(a film review by Mark R. Leeper)

CAPSULE: This is a powerful and emotional account of 71 years of the history of Estonia and especially how the Estonian spirit freed the country from the leash of the Soviet Union. The film combines beautiful choral music with the dramatic story of the country's fight for independence. Directors Maureen and James Tusty and narrator Linda Hunt bring a dramatic tension unusual in pure documentaries rising to a climax with the account of the 1991 Soviet coup and its attempt to seize the country. Rating: high +2 (-4 to +4) or 8/10

In the 1990s I took the opportunity to travel both in Eastern Europe and the Baltic Republics. This was shortly after the fall of communism. I was struck that each of the newly liberated countries took to freedom in distinctly different ways. Czechoslovakia--it still had that name--seemed to involve itself in artistic description of their joy of freedom with plays and posters. Budapest seemed to be involved creating fancy upscale department stores. There was less variation in the Baltic Republics of Lithuania, Estonia, and Latvia. I do believe in Estonia that we were aware that there was a singing concert in a church we visited. I think we did not know how vital singing was to the Estonians. In fact, perhaps more than any other people, the Estonian people consider singing to be a major part of their soul that defines who they are.

The singing carried the people through some painful recent history. Starting in 1940 they were occupied first by the Soviets, then the Nazis, and then again the Soviets until the early 1990s. Their desire to be a free and independent country again they expressed in their singing. For that time it was nearly the only outlet they had for their feelings of national pride. Today they credit their freedom from tyranny to their singing. THE SINGING REVOLUTION tells the story of those years of occupation, how singing kept their nation alive, and how it eventually proved more powerful than the chains that held them.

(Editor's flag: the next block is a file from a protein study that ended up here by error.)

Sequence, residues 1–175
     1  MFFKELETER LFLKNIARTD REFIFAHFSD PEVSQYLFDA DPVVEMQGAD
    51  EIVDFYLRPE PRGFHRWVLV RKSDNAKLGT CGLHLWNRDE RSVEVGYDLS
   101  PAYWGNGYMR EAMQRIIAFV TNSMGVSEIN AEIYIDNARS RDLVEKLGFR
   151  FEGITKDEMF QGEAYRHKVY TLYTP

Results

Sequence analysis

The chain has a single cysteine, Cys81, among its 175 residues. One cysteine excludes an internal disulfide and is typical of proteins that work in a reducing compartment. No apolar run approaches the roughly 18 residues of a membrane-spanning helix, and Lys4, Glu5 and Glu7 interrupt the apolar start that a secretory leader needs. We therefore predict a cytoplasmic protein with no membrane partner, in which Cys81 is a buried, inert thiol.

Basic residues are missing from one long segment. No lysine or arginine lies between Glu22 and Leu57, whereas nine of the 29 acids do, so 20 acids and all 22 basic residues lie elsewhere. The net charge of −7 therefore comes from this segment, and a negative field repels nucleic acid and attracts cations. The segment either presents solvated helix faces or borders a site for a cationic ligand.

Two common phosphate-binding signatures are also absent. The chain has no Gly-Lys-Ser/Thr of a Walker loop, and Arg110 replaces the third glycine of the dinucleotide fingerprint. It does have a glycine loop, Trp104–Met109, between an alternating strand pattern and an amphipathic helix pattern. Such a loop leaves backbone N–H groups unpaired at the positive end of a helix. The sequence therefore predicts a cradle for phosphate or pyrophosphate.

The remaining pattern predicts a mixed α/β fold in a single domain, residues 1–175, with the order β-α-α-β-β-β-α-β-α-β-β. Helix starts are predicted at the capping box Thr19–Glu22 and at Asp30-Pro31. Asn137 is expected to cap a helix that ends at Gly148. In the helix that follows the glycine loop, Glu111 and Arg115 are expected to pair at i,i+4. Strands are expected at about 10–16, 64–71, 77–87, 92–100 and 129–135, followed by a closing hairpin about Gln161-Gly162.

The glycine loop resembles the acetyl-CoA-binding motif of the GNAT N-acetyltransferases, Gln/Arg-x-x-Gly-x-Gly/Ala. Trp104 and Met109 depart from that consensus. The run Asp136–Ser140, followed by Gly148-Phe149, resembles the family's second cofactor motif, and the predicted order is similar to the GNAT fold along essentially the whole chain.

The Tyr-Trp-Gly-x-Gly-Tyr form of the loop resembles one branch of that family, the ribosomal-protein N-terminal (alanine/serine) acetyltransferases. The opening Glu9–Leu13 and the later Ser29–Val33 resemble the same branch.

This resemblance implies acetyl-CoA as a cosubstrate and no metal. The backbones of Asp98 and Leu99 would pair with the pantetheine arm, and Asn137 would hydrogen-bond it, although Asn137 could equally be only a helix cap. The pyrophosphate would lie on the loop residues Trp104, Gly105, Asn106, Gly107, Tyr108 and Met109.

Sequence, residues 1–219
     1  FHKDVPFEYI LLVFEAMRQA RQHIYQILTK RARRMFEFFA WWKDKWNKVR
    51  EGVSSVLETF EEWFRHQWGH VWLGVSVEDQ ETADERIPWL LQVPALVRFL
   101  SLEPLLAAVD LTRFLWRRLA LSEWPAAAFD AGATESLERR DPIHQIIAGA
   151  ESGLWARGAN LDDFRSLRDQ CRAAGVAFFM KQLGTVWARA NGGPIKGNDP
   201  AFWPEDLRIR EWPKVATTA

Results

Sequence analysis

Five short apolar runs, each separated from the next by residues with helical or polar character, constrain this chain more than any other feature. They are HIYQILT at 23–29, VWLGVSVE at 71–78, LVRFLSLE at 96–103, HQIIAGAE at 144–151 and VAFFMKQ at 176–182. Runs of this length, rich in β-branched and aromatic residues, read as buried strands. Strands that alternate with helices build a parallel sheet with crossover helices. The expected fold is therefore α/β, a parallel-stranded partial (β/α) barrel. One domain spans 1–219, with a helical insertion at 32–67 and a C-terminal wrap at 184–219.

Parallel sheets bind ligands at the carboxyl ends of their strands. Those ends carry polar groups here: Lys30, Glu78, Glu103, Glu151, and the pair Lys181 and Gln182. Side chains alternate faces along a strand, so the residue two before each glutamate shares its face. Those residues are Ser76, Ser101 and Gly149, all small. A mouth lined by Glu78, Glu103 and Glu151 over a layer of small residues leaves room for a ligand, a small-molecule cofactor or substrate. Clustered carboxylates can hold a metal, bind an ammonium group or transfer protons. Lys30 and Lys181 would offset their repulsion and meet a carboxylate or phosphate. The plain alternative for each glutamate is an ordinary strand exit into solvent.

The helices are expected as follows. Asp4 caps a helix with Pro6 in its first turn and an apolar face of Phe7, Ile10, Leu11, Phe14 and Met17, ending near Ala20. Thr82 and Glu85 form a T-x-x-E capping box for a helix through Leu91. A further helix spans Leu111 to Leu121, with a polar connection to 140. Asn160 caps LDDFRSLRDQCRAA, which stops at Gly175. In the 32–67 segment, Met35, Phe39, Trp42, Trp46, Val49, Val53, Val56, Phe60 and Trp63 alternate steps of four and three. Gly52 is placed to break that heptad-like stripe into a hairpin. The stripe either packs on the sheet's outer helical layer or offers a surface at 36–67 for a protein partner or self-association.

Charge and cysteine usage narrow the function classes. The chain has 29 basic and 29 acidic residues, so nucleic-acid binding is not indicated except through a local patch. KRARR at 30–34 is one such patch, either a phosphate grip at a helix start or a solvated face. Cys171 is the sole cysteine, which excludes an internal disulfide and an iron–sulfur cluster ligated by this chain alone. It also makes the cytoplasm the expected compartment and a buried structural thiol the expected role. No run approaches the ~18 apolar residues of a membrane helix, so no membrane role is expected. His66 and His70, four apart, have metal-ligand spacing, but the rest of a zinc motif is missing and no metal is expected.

Estonia won the Estonian Liberation War and won its independence from the Soviet Union in 1920. But it was the path between the Soviet Union and the Baltic Sea. It enjoyed two decades of independence while the Soviet Union desperately wanted a road to the Baltic. The Soviets, emboldened by its agreement with Germany, the illegal Molotov-Ribbentrop Pact, occupied Estonia in June 1940. The pact proved to be useless to the Soviets and Germany took Estonia away from them in 1941. During the war a full one quarter of the population died. By 1944 the Germans could no longer hold Estonia and the Soviets took it back. Each time the country changed hands tens of thousands were murdered for defending their country or for supposedly having collaborated with the other side. Tens of thousands of Estonians were deported to Siberia and Russians flooded in to occupy the country. Estonia remained under the Soviet heel until 1991 and credits its eventual liberation to singing and especially to the Laulipidu.

The Laulipidu is the Estonian Song Festival founded in 1869, a huge event considering the size of Estonia. As many as 30,000 singers on a single stage will sing in combined choral harmony. And the real event of the festival is always the singing of "Land of My Fathers, Land that I Love". The Soviets during their occupation tried to take over the song festival and turn it to singing pro-Soviet songs, but they could not stop the spontaneous singing of "Land of My Fathers". They had no way of arresting tens or hundreds of thousands of people singing of their love for their country.

Linda Hunt narrates the documentary story of Estonia from 1920 to the eventual reinstatement of freedom and independence in 1991. In 1985 the Soviet's could no longer deny the economic failure of the Soviet system and instituted the economic revisions of Perestroika and the relative freedom of speech of Glasnost. These the Estonians leveraged to create what freedom they could manage for their country. The film builds to a crescendo when in 1991 the coup in Russia removed Mikhail Gorbachev from power and Soviet hard-liners sent tanks into Estonia to seize the country, crack down on it, and control it. This was when the Estonian people stood together in nationalism to hold back the tanks. When the coup in Russia failed and the tanks were withdrawn Estonia declared its independence to the sound of "Land of My Fathers" and started the dominoes falling of the dissolution of the Soviet Union. THE SINGING REVOLUTION powerfully tells the story of those days and insets interviews with the major players of the 1991 revolution.

This is history as moving as fiction and as entertaining. I rate THE SINGING REVOLUTION a high +2 on the -4 to +4 scale or 8/10.

Film Credits:

					Mark R. Leeper
					Copyright 2007 Mark R. Leeper